I THINK this is creeping primrose.
There are only about 5 million different yellow flowers, which I why I have yet to learn very many summer wildflowers. 


turtle swoosh

raccoon

mouse




Ben joins the hunt



I found a squatch! 
Okay, well, I put it there in the first place, so I don't think that counts.

Ben is touching the bottom of the lake with his paddle


Huge cattail and willow island
This thing was SO cool, the water around it was super shallow, so we could see fish and turtles swimming.  On the island, bullfrogs were going at it.  Herons and a couple of egrets were poking around the shallows, butterflies were flitting around, bees, and little orange flies.  There were swifts or some similar small bird hunting the orange flies, which was cool to watch.  Ben saw 3 bald eagles, I missed all of them!  But I don't doubt him, we have seen several recently.









gar!

The kayaks are very stable, as Ben demonstrates here by freaking me out sailing around standing up.  It is very, very shallow here, not even hip deep.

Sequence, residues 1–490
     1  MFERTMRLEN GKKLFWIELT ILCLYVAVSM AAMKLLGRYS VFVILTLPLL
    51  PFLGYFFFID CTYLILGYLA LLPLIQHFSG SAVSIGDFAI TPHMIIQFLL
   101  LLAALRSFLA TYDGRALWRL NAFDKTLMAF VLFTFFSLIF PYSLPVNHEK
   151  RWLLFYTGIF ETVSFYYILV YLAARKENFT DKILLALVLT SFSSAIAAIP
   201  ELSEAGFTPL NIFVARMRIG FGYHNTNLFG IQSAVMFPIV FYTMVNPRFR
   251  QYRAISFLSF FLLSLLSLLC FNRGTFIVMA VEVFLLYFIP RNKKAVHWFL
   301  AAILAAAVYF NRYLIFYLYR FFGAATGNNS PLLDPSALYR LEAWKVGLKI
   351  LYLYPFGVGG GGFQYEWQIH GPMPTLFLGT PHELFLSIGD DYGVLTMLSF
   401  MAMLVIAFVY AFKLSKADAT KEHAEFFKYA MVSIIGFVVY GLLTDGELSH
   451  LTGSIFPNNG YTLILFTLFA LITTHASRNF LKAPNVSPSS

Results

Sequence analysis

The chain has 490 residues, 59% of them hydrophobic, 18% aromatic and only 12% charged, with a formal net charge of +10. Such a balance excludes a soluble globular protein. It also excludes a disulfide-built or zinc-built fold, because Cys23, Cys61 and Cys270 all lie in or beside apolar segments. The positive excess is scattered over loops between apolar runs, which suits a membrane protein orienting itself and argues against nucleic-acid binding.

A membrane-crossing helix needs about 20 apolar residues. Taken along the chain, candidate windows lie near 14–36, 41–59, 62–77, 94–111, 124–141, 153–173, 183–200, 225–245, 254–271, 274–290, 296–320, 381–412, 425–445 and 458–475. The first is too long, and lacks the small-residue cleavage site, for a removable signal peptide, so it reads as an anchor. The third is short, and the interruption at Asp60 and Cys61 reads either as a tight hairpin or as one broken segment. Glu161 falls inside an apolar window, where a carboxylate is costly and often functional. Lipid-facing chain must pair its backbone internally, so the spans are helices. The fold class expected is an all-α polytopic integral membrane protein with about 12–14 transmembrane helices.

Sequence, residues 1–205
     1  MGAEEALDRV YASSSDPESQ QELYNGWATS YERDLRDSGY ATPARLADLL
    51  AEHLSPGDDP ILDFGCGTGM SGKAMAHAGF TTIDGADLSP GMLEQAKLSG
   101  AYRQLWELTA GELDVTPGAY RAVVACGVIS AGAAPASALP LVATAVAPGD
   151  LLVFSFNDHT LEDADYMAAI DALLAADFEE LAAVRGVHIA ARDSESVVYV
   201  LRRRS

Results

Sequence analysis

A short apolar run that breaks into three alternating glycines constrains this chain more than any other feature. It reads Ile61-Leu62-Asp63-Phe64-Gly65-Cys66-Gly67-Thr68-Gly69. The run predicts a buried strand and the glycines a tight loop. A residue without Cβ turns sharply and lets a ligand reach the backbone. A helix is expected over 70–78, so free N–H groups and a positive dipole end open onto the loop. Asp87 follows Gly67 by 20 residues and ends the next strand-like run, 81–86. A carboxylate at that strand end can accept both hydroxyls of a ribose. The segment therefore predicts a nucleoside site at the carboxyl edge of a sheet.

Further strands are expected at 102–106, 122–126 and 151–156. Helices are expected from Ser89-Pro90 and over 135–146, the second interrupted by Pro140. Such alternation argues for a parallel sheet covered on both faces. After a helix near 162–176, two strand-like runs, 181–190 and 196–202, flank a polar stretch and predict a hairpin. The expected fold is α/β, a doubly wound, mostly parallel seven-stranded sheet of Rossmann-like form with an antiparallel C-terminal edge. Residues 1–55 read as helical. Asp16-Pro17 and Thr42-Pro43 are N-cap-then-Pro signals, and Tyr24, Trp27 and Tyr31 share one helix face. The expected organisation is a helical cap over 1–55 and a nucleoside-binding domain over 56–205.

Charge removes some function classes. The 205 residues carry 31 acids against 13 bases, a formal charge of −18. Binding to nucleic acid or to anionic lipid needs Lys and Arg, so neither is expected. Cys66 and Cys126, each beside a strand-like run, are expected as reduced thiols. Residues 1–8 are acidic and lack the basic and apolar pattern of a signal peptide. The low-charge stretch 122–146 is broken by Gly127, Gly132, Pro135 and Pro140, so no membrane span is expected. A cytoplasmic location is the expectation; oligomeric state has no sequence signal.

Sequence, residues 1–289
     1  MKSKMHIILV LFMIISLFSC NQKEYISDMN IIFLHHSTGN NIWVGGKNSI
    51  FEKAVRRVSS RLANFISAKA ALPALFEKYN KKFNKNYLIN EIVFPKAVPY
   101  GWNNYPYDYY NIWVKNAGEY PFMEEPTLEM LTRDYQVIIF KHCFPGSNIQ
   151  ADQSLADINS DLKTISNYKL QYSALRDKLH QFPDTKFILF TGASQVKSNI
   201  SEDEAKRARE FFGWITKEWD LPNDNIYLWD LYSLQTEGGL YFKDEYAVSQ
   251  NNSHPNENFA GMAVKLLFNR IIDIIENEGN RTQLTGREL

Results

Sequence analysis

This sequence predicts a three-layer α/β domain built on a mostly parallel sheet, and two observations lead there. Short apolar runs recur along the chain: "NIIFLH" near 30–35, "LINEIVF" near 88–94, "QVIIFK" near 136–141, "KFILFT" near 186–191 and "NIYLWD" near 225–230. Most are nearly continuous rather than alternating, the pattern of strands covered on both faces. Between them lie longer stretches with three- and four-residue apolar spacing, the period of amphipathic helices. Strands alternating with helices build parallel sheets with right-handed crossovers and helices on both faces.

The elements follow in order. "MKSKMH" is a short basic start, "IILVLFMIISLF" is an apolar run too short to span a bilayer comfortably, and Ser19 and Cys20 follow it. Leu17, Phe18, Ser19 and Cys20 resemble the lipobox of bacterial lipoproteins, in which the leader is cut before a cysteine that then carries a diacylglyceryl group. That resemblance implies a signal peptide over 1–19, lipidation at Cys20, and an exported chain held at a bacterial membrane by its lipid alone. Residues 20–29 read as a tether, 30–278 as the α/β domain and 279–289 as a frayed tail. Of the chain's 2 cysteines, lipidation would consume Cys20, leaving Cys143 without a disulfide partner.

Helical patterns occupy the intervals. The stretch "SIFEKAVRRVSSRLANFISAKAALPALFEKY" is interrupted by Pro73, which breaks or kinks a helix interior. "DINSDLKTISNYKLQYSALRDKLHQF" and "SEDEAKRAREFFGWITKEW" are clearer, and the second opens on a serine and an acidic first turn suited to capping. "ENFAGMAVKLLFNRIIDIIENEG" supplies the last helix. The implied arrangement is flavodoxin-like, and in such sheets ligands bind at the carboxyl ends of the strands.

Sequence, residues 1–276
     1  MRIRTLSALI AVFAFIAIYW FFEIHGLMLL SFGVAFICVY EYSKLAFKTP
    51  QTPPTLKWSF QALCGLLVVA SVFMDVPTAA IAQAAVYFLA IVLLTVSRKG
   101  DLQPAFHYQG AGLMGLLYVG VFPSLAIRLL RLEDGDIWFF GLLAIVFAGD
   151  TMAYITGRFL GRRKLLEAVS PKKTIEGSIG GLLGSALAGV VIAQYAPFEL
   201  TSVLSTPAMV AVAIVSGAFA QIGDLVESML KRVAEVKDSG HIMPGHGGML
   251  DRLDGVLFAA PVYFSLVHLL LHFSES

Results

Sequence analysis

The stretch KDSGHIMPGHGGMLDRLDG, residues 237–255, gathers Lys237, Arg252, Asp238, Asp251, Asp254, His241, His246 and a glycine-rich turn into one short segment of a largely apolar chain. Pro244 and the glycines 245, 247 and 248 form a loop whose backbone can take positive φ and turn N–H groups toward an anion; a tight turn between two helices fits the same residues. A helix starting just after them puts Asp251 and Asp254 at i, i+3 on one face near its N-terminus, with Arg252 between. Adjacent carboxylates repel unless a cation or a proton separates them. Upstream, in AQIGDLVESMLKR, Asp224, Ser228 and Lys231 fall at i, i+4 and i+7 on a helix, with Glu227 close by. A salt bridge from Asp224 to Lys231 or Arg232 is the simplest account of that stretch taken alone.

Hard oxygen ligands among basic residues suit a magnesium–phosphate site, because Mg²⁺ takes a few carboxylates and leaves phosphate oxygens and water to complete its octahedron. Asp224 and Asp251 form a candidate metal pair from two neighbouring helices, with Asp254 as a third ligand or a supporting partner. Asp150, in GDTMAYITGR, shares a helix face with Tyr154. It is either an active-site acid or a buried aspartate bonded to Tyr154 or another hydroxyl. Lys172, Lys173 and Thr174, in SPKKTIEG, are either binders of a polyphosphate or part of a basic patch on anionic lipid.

I hopped out to explore the island and found a ton of poison oak, a shed snakeskin, and a toe biter water beetle.  I am calling it Horror Island.

Snake Skin


Ben snagging a floating bottle.  That was the only trash we saw!

This was a great spot, other than the poor timing on our part putting us out in the heat of the day!  We arrived early but played around a long while before getting down to serious paddling.  I liked getting out of the boats and exploring a little, too. 



Sunday, June 17, 2018

Guess What?

It's ANOTHER kayaking post!

Yaaaaaay

And two new places!

The first is Sharp Ford, off River Road in Morgan County.  This joins the TN one way and Cotaco Creek another.  It's TVA owned.
This is a great spot.  The parking area and launch are right off a low traffic road, the waterway winds and opens into coves and secondary creeks which provides for lots of exploring, and upstream from the river, there are plenty of submerged logs to slow or dissuade motor boaters from flying through.